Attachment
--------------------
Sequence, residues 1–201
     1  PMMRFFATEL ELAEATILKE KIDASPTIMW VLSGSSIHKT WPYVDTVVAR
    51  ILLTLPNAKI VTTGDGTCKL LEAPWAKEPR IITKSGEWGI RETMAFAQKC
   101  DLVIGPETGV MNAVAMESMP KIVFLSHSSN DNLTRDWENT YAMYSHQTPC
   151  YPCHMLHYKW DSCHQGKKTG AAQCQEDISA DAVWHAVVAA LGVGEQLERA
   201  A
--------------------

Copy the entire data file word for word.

Sequence, residues 1–201
     1  PMMRFFATEL ELAEATILKE KIDASPTIMW VLSGSSIHKT WPYVDTVVAR
    51  ILLTLPNAKI VTTGDGTCKL LEAPWAKEPR IITKSGEWGI RETMAFAQKC
   101  DLVIGPETGV MNAVAMESMP KIVFLSHSSN DNLTRDWENT YAMYSHQTPC
   151  YPCHMLHYKW DSCHQGKKTG AAQCQEDISA DAVWHAVVAA LGVGEQLERA
   201  A